Friday, August 23, 2013
Is ebay Sniping EVIL?
Ebay Sniping - the act of bidding in the waning moments of an ebay auction in the hopes of securing the desired product at your price, while excluding other last minute competitors due to auction expiration. Bid sniping may be done manually by a buyer using the ebay bid entry system, or through a resident program or web-based service.
If there is one topic that is guaranteed to spark a lively debate whenever invoked by buyers and sellers on ebay, it's SNIPING! Snipers claim it wins them the auctions they desire at a price which they find acceptable. They further site convenience, flexibility, easy bidding discipline, and the avoidance of emotional and potentially costly bidding wars vs. other potential competitive buyers. Sellers, on the other hand, decry the system as unfair or unsportsman-like, in the belief that an earlier bid might've provoked competitive buyer-bidders to enter additional amounts, thus driving the price, (and profit margin), higher. Over the years many sellers have asked ebay to automatically extend auctions each time a high price is reached, insuring that there will always be adequate time for other bidders to decide whether to beat the new high or now out.
To date, ebay has refused to take any step to curtail bid sniping and probably never will. As the pure no reserve auction continues its decline in the face of ebay's move to a Buy it Now Amazon-type model, it's unlikely that the site ever will make the change. Simply put, ebay sees its future in competition with Amazon, not old style Saturday morning auction houses. Auctions currently represent only a third of their current income, and are slowly, but steadily, declining. Ebay's attention is focused far away from the old auction format. They're more than happy to keep banking the commissions paid to them by the Seller using the Auction format, but that's as far as I believe they're willing to go. Given this unchanging reality, let's look at the sniping issue one last time assuming the current basic bidding ground rules.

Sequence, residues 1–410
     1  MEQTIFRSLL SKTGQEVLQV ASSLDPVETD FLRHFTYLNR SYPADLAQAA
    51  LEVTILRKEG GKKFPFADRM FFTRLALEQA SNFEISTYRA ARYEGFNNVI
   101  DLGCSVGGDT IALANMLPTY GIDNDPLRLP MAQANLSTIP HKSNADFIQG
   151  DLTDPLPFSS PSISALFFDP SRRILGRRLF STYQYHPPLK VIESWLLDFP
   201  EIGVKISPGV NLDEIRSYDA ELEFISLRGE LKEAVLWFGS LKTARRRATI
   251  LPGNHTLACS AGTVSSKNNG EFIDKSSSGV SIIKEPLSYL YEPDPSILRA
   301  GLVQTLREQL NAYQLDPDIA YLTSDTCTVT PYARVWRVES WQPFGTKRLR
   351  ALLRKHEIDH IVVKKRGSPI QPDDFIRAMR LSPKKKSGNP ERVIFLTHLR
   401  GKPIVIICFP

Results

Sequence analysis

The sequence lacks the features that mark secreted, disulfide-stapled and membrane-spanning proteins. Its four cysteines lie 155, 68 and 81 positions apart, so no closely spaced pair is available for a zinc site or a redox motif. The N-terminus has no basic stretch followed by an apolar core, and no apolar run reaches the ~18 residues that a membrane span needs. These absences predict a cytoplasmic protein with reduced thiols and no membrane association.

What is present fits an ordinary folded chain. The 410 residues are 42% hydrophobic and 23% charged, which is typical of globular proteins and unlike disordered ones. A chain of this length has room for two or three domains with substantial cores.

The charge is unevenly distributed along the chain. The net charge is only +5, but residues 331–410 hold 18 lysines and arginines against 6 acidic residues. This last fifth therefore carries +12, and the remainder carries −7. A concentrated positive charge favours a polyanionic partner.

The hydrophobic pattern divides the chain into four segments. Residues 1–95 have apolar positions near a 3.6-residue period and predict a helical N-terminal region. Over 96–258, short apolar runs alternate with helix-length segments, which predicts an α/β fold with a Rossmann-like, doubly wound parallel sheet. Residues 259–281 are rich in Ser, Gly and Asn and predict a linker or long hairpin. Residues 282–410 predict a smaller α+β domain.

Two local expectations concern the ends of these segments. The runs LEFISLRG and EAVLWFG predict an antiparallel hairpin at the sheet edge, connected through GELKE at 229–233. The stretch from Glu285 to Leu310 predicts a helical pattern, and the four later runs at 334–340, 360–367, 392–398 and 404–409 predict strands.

In a market-based capitalist economy represented by ebay, both buyer and seller have goals which, while similar, do in fact diverge. The buyer wants to acquire the Seller's product at the lowest possible price. The Seller wishes to find himself an interested Buyer for his wares, but desires to do so at the highest possible price. If you're someone with Communistic leanings you may find some objective evil in both or either of these motives, but I do not. In a market economy prices are set by supply and demand principles. No product or service has an inherent worth distinct from what a buyer is willing to trade or barter. In other words, it's worth what someone is willing to pay for it!
I find the Seller's best argument, that the auction should last longer by automatic extension to be more like a real auction, nonsensical. Most ebay auctions last three, five, or more days. Surely that is sufficient time for the price discovery mechanism to function adequately. The reason your item sold at ebay auction for a price lower than you wanted isn't the last five second sniper's fault, but the fault of the other bidders who procrastinated in placing their higher winning bids. For me, the situation is like the new "Nanny State" we find ourselves increasingly occupying in the US. If someone is lagging behind don't chastise them for their tardiness, slow down the rest of the group to avoid leaving the laggard behind!
The ebay Sniper is playing by the rules when he places his bid. Ebay's rule book does NOT care when or how you place your bid. The winning bidder is the person who bid the highest amount by the auction expiration dates and time. Period! Of course, ebay the company would love you to use their proxy bidding service if given the choice, because it automates the bidding war process for them. I've seen many ridiculous numbers of bids placed on auctions tht go up a few dollars at a time for days. What a bore! Who even has time to play games like that anymore? I want to win the auction, not play some extremely dull version of an online game!
As a Sniper myself, I recently secured a roll of Kennedy silver proof halves with a winning bid that was only $0.77 higher than my nearest competitor, 3 seconds before the auction expiration. Great price too! I found out afterwards that he and a few others had been fighting one another viciously for days. I hope they had some fun together, as my automated web-based Sniper service snagged the roll while I was watching TV!